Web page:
VOA Correspondent Alisha Ryu is with U.S. forces in Baghdad. She gave an update to VOA's Al Pessin in London.
PESSIN: Alisha, we are seeing, live on television, U.S. tanks right in the center of Baghdad on both sides of the river. What can you tell us about the status of the city?
RYU: Well, the status seems to be very, very calm. From all the military commanders I have spoken to, this is no longer an incursion, this is an actual moving into the city, and there has been absolutely no resistance so far. I mean there are certainly little pockets here and there, but, they tell us, nothing like what they have seen in the past few days when they did their probing attacks into the city. They are not quite certain why they have not met much resistance. Perhaps the people feel that the Iraqi government has lost control of the city and they feel a lot safer about it, but they have not had much resistance so far, and they're hoping that this will continue.
PESSIN: Another thing that has been going on is a tremendous amount of looting, apparently of government buildings, by the Iraqis in Baghdad. What is the military going to do to try to restore order to the city?
RYU: Well, the military commanders here say that they are very concerned about it. They are worried about this civil disturbance, and they want to bring some sort of order as quickly as possible, of course. They emphasize that this is not a citywide type of looting situation. These are pockets of areas that are being looted, and there are still large sections of city that have not been touched.
But in those areas where there is a disturbance, they are concerned, and what they intend to do is they would like to bring in a lot more infantry forces to come in and bring some order to the lawlessness that is going on, and how many troops is unclear at the moment. They are talking as big as two divisions and a Marine expeditionary force. That could be tens of thousands of soldiers.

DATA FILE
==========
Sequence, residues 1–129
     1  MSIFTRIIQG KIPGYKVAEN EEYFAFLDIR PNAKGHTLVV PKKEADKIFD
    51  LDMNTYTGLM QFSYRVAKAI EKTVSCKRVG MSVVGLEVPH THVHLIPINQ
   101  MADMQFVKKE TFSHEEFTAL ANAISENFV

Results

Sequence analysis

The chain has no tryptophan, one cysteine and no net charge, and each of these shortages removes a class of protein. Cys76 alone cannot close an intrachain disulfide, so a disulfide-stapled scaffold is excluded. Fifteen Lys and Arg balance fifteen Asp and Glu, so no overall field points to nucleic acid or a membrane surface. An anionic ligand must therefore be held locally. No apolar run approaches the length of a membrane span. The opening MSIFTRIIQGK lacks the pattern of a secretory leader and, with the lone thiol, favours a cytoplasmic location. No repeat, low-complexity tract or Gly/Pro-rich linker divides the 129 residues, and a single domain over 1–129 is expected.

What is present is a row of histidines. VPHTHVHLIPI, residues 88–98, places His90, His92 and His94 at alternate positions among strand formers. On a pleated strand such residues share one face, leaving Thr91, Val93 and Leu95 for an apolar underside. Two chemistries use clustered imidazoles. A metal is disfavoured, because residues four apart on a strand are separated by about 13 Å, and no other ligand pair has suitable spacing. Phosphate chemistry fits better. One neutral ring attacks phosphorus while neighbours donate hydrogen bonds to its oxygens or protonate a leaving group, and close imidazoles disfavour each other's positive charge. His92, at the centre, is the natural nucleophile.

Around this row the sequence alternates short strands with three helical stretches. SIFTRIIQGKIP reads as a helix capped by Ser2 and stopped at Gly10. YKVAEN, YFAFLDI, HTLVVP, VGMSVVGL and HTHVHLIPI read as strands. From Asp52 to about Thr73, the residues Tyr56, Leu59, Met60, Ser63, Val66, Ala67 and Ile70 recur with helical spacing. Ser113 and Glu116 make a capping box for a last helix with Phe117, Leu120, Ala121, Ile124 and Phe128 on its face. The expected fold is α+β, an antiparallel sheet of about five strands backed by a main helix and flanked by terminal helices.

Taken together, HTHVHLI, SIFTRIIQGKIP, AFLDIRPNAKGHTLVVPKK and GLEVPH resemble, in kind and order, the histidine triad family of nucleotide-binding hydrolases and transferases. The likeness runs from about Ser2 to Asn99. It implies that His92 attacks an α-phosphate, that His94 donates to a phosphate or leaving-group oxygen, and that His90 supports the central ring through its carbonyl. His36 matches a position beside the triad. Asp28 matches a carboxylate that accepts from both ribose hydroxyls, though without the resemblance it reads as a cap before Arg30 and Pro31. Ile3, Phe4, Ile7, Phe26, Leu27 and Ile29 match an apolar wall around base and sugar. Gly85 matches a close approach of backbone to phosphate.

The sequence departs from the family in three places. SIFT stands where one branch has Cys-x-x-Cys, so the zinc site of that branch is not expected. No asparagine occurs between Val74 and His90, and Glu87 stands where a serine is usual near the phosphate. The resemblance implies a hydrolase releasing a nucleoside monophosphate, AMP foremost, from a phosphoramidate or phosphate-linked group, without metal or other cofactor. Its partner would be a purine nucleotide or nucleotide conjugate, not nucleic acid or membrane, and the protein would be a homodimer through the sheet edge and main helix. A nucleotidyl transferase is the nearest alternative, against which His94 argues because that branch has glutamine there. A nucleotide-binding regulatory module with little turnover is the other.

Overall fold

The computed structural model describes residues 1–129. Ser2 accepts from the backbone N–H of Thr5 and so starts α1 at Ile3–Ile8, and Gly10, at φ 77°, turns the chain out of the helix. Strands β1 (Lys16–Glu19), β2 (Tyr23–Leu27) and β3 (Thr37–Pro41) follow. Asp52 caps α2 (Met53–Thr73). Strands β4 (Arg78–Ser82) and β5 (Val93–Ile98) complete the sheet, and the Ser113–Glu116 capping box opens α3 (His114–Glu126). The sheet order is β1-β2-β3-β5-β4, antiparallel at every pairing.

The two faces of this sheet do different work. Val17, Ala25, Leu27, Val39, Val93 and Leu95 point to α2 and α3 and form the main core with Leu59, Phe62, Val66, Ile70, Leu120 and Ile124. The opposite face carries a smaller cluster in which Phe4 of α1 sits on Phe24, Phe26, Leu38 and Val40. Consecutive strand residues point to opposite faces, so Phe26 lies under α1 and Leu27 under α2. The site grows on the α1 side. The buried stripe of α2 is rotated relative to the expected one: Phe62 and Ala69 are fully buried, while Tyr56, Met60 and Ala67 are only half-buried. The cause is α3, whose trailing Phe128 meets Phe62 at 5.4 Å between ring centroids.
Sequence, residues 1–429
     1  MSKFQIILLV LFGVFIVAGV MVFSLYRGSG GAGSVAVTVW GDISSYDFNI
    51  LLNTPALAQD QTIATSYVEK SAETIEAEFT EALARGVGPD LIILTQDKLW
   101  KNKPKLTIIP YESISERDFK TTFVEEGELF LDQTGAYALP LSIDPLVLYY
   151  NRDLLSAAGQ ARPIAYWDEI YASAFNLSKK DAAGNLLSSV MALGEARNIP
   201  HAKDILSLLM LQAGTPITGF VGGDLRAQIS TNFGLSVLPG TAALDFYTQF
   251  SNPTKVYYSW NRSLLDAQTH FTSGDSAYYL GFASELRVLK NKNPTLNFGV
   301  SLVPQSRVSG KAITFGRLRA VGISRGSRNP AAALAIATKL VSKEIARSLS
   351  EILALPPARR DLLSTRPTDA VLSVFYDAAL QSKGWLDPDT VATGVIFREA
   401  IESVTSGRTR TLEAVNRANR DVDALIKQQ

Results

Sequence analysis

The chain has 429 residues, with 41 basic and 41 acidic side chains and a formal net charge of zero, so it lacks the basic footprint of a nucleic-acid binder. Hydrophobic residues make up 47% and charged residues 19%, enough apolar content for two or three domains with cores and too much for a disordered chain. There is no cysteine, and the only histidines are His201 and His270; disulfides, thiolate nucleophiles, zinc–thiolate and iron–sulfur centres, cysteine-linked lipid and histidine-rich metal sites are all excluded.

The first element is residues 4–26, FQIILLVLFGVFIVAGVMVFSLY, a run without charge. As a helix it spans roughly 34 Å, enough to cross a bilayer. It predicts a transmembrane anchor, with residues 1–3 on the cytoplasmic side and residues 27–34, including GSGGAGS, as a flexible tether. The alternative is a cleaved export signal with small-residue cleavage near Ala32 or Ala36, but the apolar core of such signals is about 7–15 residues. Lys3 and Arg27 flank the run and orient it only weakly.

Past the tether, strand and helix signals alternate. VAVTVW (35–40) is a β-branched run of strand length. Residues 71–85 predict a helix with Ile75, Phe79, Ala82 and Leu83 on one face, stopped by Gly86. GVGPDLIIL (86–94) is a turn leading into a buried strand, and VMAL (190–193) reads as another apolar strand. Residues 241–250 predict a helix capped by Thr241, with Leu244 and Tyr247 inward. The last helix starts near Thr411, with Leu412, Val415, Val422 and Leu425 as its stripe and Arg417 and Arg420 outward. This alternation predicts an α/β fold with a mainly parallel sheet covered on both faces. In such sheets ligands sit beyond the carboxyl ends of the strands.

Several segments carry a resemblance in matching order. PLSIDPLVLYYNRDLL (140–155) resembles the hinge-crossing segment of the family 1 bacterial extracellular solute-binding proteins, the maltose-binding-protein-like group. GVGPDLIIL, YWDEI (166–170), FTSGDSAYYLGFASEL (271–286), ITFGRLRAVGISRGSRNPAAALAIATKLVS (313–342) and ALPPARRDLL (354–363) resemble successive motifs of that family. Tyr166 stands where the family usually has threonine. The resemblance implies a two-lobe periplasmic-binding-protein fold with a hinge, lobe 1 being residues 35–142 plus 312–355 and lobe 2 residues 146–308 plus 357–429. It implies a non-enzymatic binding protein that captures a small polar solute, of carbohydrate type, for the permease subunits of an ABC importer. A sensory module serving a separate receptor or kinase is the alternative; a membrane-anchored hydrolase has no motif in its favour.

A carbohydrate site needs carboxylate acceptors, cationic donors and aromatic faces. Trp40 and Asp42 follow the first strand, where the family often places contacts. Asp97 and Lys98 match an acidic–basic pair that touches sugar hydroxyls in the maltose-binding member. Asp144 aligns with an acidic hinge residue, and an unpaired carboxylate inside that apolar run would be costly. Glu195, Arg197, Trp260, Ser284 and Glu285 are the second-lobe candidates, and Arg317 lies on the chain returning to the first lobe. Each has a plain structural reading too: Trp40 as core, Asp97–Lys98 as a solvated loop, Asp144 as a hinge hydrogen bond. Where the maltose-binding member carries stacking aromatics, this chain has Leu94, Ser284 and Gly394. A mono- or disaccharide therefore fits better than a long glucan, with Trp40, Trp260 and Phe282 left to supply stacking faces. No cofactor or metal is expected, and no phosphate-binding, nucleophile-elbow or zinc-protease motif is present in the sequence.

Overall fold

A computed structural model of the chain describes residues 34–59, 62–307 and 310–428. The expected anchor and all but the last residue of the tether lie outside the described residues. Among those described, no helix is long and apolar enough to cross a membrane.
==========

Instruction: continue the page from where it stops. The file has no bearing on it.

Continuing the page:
Baghdad is a very, very large city. It needs a lot of security. What they say that they need, ultimately, is a police force. They do not have one right now because the police force worked for the Iraqi government, and so they would have to start from scratch. And perhaps they are looking at the Afghan model of trying to recruit local people and trying to get them into a police-academy type of situation where they are teaching police tactics and those kinds of things, you know, crowd control, and get those people in to the system as quickly as possible, to act as the local police.
PESSIN: Is there any progress to report on efforts to restore power and water to the city?
RYU: Not yet. I think what is happening is that they have found telephone numbers and addresses of people who worked in water departments, in electrical departments, power departments, and what they are trying to do is they are trying to contact those Iraqis who used to work in those areas and try to bring them back, because a lot of this equipment is not familiar to American engineers. [It was] made elsewhere. And they would really like to have someone who is familiar with [that] equipment to come back and to put the system back on. And right now the hunt is on for those engineers in Baghdad who know how these things work.